The FAA just released the most relaxed proposal to date regarding the future rules and regulations which will govern the use of civilian Drones for commercial operations. You can read the FAA’s proposed drone regulations here: FAA Drone Rules Proposal
As a commercial pilot and CFII, I’m a little concerned to say the least. I feel I need to address this directly with the FAA, so here’s my quick letter to any FAA employee who may find this post:
Just to be clear: You are proposing that someone without any actual aeronautical rating will be permitted to fly a drone for COMMERCIAL purposes, with a weight of up to 55 POUNDS, at a TOP SPEED of 100MPH, just so long as they pass a government designed and administered written exam and agree as gentlemen/women to keep that beast below 500ft and clear of airspace. Do you think that safe operations can be assured without further aeronautical training and be monitored effectively via the honor system?
A few things to note if these proposed regulations become real regulations:
- 55LBS will dissipate a large amount of energy when it comes down from 500 feet at 100mph.
- FAA written exams (even for real pilots) aren’t very challenging. A real pilot proves his/herself in the aircraft and by displaying competence in the presence of several other people who possess experience and judgement.
- People without a background in real aviation lack an understanding of and respect for the risks associated with flight. This lack of understanding and knowledge will put lives at risk unnecessarily in the air and on the ground.
- Model aviation has been around for many, many years. Never in the history of model aviation has it been so easy for anyone who feels like it to put a Drone into the air. Like real aviation, flying models used to take time to learn and gain an understanding of. This helped foster competent operators with experience and skill. This is absent when we’re speaking about Drones. People with little to no experience are afforded advanced capabilities that they could never before have had without putting in a lot of time to learn. This is important to consider.
- Every hipster with a few dollars to their name will be out there starting some sort of Drone business. Yes, buying a Drone will instantly turn people into aerial photographers and videographers, news reporters, and emergency response personnel.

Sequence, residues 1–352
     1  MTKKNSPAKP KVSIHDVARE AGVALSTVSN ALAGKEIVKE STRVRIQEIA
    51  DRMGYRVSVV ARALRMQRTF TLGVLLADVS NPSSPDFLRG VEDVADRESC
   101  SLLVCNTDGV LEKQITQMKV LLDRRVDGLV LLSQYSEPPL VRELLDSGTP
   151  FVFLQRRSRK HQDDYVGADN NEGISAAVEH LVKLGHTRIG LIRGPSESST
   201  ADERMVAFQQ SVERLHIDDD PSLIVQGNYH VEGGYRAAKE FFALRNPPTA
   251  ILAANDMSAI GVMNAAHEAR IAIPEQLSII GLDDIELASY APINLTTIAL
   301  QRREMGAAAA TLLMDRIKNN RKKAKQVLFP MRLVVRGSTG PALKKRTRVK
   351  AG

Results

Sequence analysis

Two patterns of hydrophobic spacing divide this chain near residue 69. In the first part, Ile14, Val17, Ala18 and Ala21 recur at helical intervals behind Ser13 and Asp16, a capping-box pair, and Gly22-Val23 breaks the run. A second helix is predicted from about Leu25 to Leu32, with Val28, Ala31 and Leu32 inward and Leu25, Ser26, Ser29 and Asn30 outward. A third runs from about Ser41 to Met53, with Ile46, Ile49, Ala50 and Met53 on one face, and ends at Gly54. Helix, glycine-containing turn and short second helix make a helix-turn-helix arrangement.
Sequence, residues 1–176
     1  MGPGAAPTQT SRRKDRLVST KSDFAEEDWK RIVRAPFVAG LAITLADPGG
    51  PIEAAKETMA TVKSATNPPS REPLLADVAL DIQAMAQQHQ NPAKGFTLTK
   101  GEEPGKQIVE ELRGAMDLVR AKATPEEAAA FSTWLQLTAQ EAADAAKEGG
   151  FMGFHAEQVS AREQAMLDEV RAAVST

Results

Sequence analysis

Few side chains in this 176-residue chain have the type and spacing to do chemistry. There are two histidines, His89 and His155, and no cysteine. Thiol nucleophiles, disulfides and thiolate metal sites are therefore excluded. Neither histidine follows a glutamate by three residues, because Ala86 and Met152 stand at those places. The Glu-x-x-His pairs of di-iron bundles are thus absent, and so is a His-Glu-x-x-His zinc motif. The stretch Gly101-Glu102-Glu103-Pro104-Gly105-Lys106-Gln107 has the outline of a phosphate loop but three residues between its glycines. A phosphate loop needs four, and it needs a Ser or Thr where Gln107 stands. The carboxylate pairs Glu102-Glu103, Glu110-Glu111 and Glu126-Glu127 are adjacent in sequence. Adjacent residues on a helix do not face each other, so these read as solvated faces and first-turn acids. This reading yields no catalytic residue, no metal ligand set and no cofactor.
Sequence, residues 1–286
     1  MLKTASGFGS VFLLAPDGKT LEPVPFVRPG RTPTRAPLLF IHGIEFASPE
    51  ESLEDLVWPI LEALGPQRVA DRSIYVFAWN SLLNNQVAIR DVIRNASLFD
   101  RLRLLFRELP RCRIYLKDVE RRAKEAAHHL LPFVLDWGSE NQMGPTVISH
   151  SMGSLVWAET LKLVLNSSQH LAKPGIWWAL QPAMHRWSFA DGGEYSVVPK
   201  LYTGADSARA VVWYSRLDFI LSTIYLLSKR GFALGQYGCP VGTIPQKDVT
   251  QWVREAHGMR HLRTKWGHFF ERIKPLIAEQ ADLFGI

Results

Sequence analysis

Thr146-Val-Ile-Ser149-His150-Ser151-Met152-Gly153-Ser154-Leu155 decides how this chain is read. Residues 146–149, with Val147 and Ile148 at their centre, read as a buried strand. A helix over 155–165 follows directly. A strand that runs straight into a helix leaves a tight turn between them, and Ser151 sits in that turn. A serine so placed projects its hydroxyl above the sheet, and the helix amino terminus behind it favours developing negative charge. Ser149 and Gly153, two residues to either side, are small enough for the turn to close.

- Media companies ranging from television, radio, and blogs will have Drones. I imagine evening news will never be the same. Neither will accident sites. As if reporters weren’t irritating enough already.
Now while I may surely rub some people the wrong way, I do believe I’ve made some objectively valid points in this text which should not be ignored by the public or the FAA.
In it’s initial proposal(s) the FAA was considering the requirement of a Private Pilot’s license for individuals that intend to operate Drones commercially. I think this is a good idea (yeah, yeah – easy for me to say because I have my ratings). Some people voiced their opinion that this was financially restrictive and that many would be barred from entry into the business of flying Drones due to the expense. I do understand that position for sure – it is costly to get your Private Pilots License. However, I think that real aviation learning and experience would be invaluable in adding to the safety of operations conducted by the commercial drone pilots of our present and near future.
Aviation has always had barriers to entry. I think that’s a good thing. Imagine what would happen if they release the flying car and anyone could fly to work. I’d ride a bicycle and look out for falling cars. In the case of flying Drones for commercial purposes, if a full blown license it too expensive and too much work – maybe require applicants to solo at least.
Nothing changes one’s perspective of aviation like being alone in an airplane for the very first time without a flight instructor. His/her voice is still in your head, but the only one up there in god’s great heavens that will get your ass safely on the ground is you.